• Piper River (T14*), Cape Portland (T9*), and Ben Lomond (T7) [NE and Ben Lomond regions on map]
    These appear to form an interrelated group. Either the first two or all three could be dialects of a single language. May form a language with Northern, which is separated geographically by Port Sorell.
  • North Midlands (T4) [central N Midlands region on map]
    "Must" be a distinct language.
  • Oyster Bay (T2), Big River (T8*), and Little Swanport (T15*) [Oyster Bay and Big River on map]
    Oyster Bay and Big River share 85% of vocabulary and are very likely to be dialects. Little Swanport could be a dialect as well.
  • South-eastern (T5) [SE region on map]
    Appears to be a distinct language from Oyster Bay / Big River.

The two western varieties are South-western (T10*) and Macquarie Harbour (T6) [southern and northern ends of SW region on map]

Bowern (2012)

Tasmanian language families per Bowern (2012). Oyster Bay and SE are clearly related. Northern and Western may be as well.

One of the difficulties in interpreting Tasmanian data is the fact that some of the 35 word lists mix data from various locations, and even for the rest, in some cases the location is not recorded. Bowern (2012) used a clustering algorithm to identify language admixture, and further techniques to conclude that the 26 unmixed lists with more than 100 words record twelve Tasmanian varieties (at p < 0.15) that may be assumed to be distinct languages.[11] Due to the poor attestation, these varieties have no names apart from the names of the wordlists they are recorded in. They fall into five clusters; Bayesian phylogenetic methods demonstrate that two of these are clearly related, but that the others cannot to related to each other (that is, they are separate language families) based on existing evidence. Given the length of human habitation on Tasmania, it should not be expected for the languages to be related to each other. The families, and the number of attested languages, are:[6]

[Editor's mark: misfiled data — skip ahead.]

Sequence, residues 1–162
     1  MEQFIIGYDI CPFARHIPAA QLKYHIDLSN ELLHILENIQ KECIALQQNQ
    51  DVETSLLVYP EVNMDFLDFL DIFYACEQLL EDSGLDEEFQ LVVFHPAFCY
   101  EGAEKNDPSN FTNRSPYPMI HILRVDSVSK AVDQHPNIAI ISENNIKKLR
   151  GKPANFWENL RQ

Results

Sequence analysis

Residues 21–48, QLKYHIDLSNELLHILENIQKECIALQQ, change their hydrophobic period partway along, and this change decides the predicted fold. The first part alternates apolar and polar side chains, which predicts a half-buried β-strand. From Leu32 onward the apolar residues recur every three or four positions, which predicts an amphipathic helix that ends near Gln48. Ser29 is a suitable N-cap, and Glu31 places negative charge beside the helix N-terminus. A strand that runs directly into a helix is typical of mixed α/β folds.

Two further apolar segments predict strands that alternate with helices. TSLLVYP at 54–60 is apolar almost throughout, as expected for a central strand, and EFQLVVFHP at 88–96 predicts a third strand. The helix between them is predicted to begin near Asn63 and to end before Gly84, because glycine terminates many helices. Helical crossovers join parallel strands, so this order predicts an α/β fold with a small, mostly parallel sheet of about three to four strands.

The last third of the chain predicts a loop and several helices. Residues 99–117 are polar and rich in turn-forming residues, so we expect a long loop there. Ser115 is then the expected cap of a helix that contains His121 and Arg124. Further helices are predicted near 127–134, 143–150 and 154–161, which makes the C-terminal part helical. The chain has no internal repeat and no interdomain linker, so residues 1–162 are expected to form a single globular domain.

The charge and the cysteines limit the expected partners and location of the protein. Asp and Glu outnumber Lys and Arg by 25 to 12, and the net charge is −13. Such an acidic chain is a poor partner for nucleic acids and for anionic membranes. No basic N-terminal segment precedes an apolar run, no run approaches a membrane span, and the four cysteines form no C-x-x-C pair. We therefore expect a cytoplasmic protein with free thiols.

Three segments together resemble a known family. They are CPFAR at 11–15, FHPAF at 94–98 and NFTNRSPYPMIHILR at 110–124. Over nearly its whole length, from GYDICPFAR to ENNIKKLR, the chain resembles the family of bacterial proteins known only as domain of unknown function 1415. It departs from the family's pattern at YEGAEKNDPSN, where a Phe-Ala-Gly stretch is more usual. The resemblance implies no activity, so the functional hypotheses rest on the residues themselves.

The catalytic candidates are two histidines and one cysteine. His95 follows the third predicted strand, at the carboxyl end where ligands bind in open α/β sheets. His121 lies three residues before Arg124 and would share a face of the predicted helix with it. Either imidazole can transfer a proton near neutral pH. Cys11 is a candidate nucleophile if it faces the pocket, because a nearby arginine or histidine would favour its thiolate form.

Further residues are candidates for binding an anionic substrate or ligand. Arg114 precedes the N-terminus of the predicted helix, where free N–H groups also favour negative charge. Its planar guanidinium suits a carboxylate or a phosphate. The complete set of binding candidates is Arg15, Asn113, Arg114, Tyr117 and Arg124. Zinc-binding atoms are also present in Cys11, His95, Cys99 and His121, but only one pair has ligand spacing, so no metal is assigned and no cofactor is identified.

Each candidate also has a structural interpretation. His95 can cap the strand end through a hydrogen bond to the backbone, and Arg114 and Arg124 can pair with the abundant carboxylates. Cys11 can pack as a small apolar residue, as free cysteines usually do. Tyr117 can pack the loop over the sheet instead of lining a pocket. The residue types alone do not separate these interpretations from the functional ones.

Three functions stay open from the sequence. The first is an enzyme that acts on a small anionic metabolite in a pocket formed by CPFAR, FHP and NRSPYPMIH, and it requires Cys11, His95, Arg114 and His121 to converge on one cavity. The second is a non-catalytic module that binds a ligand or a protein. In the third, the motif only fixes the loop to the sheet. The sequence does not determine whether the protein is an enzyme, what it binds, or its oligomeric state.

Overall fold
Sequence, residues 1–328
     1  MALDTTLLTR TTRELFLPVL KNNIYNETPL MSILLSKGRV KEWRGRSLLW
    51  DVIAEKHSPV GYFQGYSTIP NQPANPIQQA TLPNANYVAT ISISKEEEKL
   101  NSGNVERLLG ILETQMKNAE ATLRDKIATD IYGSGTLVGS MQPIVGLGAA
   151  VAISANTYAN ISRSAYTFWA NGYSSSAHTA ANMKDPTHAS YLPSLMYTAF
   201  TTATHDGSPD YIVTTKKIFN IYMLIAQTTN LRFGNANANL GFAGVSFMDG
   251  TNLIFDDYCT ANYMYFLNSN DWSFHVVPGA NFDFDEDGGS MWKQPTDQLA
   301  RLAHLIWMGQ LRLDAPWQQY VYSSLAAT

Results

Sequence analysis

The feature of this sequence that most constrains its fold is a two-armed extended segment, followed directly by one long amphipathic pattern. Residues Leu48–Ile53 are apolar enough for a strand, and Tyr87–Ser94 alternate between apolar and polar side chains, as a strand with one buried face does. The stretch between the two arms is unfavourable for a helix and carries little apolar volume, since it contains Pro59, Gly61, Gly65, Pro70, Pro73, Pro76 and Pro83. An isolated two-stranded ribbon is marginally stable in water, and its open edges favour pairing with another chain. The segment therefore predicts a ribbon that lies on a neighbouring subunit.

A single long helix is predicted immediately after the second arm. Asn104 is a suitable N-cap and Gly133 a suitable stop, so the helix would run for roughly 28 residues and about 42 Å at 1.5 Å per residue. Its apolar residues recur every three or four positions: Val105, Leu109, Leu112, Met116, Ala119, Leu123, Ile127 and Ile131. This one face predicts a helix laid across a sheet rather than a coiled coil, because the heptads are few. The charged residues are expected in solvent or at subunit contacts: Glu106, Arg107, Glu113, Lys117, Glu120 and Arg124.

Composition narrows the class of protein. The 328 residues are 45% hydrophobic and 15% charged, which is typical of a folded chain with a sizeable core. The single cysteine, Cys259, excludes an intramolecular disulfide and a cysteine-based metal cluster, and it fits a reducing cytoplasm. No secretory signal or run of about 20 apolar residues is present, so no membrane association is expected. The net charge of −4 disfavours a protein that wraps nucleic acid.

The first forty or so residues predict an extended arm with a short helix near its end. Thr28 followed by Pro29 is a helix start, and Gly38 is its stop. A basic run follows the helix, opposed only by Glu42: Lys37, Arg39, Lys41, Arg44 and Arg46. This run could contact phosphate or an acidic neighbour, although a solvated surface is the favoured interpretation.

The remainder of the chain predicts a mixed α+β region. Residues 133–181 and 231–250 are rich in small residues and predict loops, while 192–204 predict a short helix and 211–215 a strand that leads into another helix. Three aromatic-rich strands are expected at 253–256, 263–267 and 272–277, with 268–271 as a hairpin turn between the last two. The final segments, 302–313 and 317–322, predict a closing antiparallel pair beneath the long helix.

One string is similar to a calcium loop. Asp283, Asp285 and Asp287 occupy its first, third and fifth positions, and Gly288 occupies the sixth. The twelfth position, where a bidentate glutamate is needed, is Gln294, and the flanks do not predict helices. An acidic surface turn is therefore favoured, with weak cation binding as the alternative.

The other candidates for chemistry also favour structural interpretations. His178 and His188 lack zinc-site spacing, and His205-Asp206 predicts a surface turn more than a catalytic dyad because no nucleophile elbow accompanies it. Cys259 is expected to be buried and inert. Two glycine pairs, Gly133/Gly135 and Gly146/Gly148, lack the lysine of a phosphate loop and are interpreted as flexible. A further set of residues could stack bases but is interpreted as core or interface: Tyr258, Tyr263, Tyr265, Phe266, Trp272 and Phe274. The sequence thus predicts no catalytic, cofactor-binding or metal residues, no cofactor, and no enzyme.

• Western Tasmanian (2–3) [T3, T6, T10, T11, T12]: Northwestern and Southwestern tribes
  • Northern Tasmanian (2) [T1, T13]: Northern tribe
  • Northeastern Tasmanian (3) [T4, T7, T9, T14]: Northeastern, Ben Lomond, and North Midland tribes
  • Eastern Tasmanian (5)
    • Oyster Bay (2) [T2, T8, T15]: Oyster Bay and Big River tribes
    • Bruny (Southeastern Tasmanian) (3) [T5]: Bruny tribe

Bowern identifies several of the wordlists of unknown providence: The Norman list is northeastern, for example, while the Lhotsky and Blackhouse lists attest to an additional language in the northeastern family; the Fisher list is western, as are the Plomley lists, though with admixture. Two of the lists reported to be from Oyster Bay contain substantial northeastern admixture, which Bowern believes to be responsible for classifications linking the languages of the east coast.[6]